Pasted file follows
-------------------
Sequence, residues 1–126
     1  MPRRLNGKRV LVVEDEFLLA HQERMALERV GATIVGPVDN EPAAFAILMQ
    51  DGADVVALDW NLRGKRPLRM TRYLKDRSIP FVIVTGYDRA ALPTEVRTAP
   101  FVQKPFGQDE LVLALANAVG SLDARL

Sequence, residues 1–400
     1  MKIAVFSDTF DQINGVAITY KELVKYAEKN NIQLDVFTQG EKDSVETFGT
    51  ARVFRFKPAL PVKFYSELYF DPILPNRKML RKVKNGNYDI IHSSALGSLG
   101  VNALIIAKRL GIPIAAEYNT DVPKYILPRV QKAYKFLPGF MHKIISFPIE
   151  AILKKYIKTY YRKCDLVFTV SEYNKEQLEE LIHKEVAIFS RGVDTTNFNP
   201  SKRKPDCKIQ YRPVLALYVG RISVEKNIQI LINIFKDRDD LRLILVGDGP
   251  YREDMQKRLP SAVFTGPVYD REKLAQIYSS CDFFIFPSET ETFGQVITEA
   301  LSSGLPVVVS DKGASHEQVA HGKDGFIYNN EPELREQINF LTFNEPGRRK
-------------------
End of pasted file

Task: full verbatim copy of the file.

Sequence, residues 1–126
     1  MPRRLNGKRV LVVEDEFLLA HQERMALERV GATIVGPVDN EPAAFAILMQ
    51  DGADVVALDW NLRGKRPLRM TRYLKDRSIP FVIVTGYDRA ALPTEVRTAP
   101  FVQKPFGQDE LVLALANAVG SLDARL

Sequence, residues 1–400
     1  MKIAVFSDTF DQINGVAITY KELVKYAEKN NIQLDVFTQG EKDSVETFGT
    51  ARVFRFKPAL PVKFYSELYF DPILPNRKML RKVKNGNYDI IHSSALGSLG
   101  VNALIIAKRL GIPIAAEYNT DVPKYILPRV QKAYKFLPGF MHKIISFPIE
   151  AILKKYIKTY YRKCDLVFTV SEYNKEQLEE LIHKEVAIFS RGVDTTNFNP
   201  SKRKPDCKIQ YRPVLALYVG RISVEKNIQI LINIFKDRDD LRLILVGDGP
   251  YREDMQKRLP SAVFTGPVYD REKLAQIYSS CDFFIFPSET ETFGQVITEA
   301  LSSGLPVVVS DKGASHEQVA HGKDGFIYNN EPELREQINF LTFNEPGRRK